Can You Use Fireworks in Ohio?

With certain exceptions, the use of fireworks are illegal in Ohio. Section 3301.3 of the Ohio Administrative Code prohibits “the possession, manufacture, storage, sale, handling, exhibition and use of fireworks” by unlicensed individuals, except for “novelty and trick fireworks.” “Novelty and trick fireworks” are defined as “(1) devices that produce a small report intended to surprise the user, including, but not limited to, booby traps, cigarette loads, party poppers and snappers; (2) snakes or glow worms; (3) smoke devices; and (4) trick matches.” Use of any other fireworks without the proper licenses and permits are prohibited. Snakes and sparklers are two of the most common types of novelty fireworks that are legal to use without a license.

Traditional Fireworks

Traditional fireworks, such as firecrackers, roman candles, and bottle rockets, may be sold in Ohio by a licensed manufacturer or wholesaler. However, they may not be set off in Ohio. Purchasers are required to sign a form stating the destination they will be taking the fireworks. They are legally required to be transported out of Ohio within 48 hours.

Fireworks used in large displays, such as those typically put on by the local municipalities are permitted but are subject to restrictions. These fireworks are known as 1.3G Fireworks. A licensed exhibitor may set off these 1.3G Fireworks only after obtaining a permit. In order to obtain the permit, the exhibitor must have the site inspected using an Ohio Fire Marshall checklist, and the permit must be approved by both the fire chief and the chief law enforcement officer.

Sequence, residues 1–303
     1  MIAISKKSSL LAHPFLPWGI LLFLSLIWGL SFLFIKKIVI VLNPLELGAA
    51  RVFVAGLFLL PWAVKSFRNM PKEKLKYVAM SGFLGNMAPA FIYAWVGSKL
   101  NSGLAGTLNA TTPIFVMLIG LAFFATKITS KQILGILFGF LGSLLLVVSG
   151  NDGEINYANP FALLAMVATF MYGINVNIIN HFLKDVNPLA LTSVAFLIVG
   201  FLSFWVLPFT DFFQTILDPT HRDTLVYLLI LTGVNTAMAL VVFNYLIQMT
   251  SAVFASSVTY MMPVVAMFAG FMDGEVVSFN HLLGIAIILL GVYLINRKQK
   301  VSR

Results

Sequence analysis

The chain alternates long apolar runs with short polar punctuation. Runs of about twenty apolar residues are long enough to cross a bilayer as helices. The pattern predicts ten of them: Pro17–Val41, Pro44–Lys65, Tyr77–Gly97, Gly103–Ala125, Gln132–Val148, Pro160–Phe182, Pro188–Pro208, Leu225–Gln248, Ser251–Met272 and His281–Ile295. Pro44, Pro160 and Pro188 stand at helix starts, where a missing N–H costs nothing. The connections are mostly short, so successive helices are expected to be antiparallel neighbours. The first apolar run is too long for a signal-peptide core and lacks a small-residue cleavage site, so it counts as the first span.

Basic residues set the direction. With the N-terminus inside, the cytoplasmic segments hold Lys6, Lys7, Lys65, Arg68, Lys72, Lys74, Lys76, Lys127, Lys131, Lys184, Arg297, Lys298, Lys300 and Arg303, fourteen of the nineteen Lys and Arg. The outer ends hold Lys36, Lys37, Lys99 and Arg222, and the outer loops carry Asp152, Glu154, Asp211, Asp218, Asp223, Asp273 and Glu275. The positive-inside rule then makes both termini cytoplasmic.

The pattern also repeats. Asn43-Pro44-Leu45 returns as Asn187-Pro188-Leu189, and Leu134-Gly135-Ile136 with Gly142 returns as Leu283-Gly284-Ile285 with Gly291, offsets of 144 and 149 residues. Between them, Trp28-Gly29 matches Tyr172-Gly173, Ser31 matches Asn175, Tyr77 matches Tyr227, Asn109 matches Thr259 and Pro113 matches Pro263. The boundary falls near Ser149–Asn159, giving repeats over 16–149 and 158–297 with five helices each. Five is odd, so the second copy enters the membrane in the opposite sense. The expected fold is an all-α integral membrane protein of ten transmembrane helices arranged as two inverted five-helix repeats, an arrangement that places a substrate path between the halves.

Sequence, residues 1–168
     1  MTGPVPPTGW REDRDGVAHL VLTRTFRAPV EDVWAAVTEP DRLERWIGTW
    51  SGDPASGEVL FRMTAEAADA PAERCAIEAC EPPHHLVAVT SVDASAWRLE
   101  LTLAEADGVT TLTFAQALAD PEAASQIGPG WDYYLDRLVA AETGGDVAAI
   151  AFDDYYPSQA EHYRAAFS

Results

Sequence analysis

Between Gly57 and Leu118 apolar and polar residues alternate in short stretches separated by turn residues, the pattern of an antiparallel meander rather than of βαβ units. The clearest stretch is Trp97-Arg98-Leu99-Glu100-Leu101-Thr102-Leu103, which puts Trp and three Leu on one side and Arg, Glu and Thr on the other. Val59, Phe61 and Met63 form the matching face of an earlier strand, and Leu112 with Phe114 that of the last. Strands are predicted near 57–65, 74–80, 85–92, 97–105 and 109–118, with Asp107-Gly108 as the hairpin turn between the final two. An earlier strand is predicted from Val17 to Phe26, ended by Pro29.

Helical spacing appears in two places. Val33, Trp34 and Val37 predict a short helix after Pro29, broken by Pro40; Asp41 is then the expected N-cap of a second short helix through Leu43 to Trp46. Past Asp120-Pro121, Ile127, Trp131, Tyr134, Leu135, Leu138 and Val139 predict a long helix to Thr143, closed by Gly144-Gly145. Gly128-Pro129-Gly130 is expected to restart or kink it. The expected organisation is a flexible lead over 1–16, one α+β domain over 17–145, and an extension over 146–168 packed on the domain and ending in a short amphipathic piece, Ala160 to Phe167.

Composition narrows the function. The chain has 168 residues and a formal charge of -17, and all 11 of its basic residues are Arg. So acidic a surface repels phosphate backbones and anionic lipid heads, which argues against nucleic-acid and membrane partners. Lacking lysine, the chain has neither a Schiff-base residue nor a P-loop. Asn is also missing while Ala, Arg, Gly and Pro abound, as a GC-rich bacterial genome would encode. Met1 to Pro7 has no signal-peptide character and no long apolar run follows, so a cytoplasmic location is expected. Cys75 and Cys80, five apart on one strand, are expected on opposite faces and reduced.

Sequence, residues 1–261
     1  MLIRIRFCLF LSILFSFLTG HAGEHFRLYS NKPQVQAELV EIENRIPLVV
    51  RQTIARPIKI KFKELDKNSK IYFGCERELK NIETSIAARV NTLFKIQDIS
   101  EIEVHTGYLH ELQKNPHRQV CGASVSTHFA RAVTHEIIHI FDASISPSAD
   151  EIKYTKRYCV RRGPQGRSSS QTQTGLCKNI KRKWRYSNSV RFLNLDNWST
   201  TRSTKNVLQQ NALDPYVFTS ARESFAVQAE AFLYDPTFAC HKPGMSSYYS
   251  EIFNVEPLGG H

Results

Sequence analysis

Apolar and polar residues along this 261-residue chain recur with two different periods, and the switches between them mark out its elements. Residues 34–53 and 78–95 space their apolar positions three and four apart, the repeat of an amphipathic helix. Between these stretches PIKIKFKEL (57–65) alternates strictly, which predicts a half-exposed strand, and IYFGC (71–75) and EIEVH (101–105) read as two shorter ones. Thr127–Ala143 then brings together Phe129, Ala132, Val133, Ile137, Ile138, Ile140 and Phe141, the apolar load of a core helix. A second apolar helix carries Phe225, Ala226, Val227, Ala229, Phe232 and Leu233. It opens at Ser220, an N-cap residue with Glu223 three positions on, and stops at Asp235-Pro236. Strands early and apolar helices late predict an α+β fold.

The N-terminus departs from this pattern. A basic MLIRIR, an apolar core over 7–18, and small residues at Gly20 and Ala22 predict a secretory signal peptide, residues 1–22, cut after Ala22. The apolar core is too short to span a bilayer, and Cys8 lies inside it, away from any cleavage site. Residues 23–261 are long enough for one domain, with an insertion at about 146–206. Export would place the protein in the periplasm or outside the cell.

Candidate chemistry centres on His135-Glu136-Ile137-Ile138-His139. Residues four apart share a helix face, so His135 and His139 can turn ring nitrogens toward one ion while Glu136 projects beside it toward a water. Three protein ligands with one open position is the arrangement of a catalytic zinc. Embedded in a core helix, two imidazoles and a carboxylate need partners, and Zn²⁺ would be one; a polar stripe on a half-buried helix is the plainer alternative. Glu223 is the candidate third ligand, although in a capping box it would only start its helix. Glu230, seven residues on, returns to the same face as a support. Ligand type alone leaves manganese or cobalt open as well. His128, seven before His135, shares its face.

Firework Licenses

The State Fire Marshall issues licenses to use fireworks. Manufacturers, wholesalers, exhibitors and shippers of fireworks must be licensed. The licenses must be renewed annually. No new licenses are being granted at this time. There is a moratorium on issuing fireworks licenses. If it is not extended, it expires on December 15, 2015. In that case, new licenses can be applied for on September 1, 2016. The State Fire Marshall only issues licenses on December 1st of a given calendar year, so the earliest time any new licenses will be granted is December 1, 2016.

 Criminal Penalties

Violators of the fireworks law are subject to criminal penalties. First time offenders are typically charged with a first-degree misdemeanor. If found guilty they face a maximum of a $1,000 fine and a six months jail sentence. Repeat offenders will be charged with a fifth-degree felony. This charge carries a maximum prison sentence of one year.